I went to an Aldi once (the one in Springfield when it first opened). Don't feel much need to go there again.
I think I prefer Aldi to SFW, even though you can't necessarily get all of the groceries you need at Aldi.

There's a very SFW-esque chain here called Food4Less, although they're owned by Kroger.
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Re: Defunct restaurant chains and retailers
« Reply #745 on: March 25, 2019, 06:31:47 PM »

Longstanding discount grocery chain Shoppers Food Warehouse here in the DC area will be closing their stores sometime this year after their parent company decided to leave the grocery business. I think they're the third- or fourth-largest grocery store chain in the DC area (Giant still far and away the leader, I think Safeway is second).
I would think they were also facing stiff competition from Aldi and Lidl.

I don't know how stiff the competition is. There have been more Aldi stores opening, but geographically they don't seem to overlap most of the Shoppers locations, at least not the ones with which I'm familiar.

I went to an Aldi once (the one in Springfield when it first opened). Don't feel much need to go there again.
Aldi and similar grocery stores seem to have no middle ground. People either swear by it or go once and never again.
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Re: Defunct restaurant chains and retailers
« Reply #746 on: March 25, 2019, 07:10:22 PM »

My family does half our shopping at Aldi and half at the local Kroger iteration, depending on the grocery item.  There are plenty of items we actually prefer from Aldi, not to mention the savings.

As for not being able to get everything you need there, that's very true for our family, which is why we do half our shopping at another store.  But we're good friends with a family who makes a point to not cook with anything they can't get at Aldi.  All it takes is some creativity, I guess.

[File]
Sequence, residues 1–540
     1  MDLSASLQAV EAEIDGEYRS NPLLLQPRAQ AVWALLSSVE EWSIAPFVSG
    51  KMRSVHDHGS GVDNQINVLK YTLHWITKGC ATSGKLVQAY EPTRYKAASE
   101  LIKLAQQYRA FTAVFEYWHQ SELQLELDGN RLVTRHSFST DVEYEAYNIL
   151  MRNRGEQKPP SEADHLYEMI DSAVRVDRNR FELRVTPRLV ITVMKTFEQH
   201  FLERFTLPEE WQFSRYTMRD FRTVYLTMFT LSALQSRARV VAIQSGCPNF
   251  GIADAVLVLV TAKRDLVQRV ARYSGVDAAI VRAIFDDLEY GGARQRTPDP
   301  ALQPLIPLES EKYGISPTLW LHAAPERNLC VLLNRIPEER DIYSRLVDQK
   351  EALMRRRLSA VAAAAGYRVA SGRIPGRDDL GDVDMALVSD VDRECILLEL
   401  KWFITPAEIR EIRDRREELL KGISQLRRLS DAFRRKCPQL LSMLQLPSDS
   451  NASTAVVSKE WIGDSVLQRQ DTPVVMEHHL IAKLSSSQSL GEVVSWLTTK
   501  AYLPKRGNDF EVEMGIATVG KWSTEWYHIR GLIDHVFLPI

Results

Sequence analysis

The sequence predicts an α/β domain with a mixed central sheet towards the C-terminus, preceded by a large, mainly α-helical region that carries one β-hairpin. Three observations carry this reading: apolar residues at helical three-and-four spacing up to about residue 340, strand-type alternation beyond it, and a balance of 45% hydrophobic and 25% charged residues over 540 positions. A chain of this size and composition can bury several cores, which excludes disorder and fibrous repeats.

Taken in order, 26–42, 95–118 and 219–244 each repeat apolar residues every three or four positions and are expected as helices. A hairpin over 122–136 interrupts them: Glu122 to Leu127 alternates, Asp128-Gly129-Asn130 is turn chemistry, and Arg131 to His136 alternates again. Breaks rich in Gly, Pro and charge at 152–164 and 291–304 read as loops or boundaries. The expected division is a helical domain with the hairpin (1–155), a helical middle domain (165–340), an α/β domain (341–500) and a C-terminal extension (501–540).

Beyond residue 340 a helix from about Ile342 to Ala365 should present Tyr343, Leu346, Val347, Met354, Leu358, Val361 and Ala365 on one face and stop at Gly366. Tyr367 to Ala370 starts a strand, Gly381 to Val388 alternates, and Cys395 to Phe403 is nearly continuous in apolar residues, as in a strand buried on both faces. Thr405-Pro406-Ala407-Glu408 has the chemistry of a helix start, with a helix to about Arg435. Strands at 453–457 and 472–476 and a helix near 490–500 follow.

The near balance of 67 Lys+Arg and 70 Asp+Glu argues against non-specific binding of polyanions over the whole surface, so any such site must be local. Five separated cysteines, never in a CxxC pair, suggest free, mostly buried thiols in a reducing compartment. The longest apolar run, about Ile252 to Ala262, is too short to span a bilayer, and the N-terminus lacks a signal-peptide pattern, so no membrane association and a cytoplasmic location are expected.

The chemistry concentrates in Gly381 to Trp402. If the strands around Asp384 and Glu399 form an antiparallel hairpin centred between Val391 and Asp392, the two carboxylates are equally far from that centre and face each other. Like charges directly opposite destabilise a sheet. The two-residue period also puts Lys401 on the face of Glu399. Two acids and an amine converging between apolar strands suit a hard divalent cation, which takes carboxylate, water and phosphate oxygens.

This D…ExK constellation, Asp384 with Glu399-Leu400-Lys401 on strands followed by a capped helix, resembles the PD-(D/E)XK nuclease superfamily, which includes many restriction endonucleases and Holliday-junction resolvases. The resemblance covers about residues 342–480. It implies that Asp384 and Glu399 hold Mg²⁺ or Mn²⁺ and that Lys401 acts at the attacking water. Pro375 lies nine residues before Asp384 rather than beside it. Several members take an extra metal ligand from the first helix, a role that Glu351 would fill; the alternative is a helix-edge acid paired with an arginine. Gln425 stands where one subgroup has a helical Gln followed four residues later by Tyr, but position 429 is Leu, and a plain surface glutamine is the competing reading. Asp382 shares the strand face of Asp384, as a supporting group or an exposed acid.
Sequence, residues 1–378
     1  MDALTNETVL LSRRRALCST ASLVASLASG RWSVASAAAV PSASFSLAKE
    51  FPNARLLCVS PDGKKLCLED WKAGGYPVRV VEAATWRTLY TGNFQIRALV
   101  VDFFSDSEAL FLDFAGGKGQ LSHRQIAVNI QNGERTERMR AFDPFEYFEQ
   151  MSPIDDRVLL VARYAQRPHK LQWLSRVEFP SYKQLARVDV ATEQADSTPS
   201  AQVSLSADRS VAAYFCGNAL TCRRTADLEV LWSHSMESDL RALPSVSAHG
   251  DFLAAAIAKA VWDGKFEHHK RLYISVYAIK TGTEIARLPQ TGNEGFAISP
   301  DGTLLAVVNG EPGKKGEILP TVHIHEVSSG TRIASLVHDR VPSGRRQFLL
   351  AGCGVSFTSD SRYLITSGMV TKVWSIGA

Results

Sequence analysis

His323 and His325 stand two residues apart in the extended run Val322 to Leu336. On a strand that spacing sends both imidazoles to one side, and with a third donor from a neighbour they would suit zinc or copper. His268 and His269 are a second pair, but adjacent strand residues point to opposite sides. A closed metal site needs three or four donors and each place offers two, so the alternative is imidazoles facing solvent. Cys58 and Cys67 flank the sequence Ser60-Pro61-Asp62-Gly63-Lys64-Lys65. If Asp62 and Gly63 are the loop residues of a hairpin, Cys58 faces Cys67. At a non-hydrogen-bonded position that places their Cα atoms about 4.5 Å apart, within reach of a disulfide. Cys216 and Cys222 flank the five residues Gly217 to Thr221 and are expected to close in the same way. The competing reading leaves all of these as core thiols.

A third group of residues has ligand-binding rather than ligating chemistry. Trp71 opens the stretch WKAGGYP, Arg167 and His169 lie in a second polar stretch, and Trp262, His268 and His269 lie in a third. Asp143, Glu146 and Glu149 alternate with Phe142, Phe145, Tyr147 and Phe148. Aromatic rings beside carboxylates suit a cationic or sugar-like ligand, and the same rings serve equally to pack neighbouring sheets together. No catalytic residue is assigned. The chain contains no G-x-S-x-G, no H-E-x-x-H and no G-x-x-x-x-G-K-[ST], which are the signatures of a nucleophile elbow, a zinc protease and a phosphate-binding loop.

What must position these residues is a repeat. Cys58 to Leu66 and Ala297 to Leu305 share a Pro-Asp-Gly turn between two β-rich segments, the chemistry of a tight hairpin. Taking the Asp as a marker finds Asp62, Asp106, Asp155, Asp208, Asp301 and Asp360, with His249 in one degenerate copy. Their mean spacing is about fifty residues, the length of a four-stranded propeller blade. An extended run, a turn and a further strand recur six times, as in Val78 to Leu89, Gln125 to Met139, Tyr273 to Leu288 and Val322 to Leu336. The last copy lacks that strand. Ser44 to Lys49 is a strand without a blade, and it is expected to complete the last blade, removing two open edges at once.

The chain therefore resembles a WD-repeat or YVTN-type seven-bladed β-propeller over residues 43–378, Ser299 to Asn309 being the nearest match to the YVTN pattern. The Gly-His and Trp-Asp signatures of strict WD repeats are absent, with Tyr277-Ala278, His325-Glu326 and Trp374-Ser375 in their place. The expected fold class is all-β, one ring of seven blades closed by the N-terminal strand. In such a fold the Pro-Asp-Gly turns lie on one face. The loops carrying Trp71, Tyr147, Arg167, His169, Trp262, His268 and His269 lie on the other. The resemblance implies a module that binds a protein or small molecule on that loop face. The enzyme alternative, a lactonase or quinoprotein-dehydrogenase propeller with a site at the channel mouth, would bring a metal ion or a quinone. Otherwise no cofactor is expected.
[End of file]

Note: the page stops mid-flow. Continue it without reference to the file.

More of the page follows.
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ErmineNotyours

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Re: Defunct restaurant chains and retailers
« Reply #747 on: April 04, 2019, 12:33:51 AM »

Noticed this in Fresno: Circuit City became Furniture City.  Slight reduction in technology.
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formulanone

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Re: Defunct restaurant chains and retailers
« Reply #748 on: April 04, 2019, 07:42:32 AM »

Noticed this in Fresno: Circuit City became Furniture City.  Slight reduction in technology.

On that note, changes in technology have rendered some types of furniture obsolete, or changed radically. Desks do not need to be as large as before, large cabinets for televisions and living rooms have fallen out of vogue, and telephone stands are a thing of the past. Of course, you can still re-purpose these things or press them into service for another method of holding and presenting all your stuff.

jeffandnicole

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Re: Defunct restaurant chains and retailers
« Reply #749 on: April 04, 2019, 08:55:02 AM »

Noticed this in Fresno: Circuit City became Furniture City.  Slight reduction in technology.

On that note, changes in technology have rendered some types of furniture obsolete, or changed radically. Desks do not need to be as large as before, large cabinets for televisions and living rooms have fallen out of vogue, and telephone stands are a thing of the past. Of course, you can still re-purpose these things or press them into service for another method of holding and presenting all your stuff.

On the other hand, many pieces of furniture have quite a bit of modern technology in them.  Many recliners are electric, with both foot rests and head tilting features.  USB ports are common, and some integrate outlets into storage areas.  One nice couch I saw recently has massaging capabilities and chilled cup holders as well.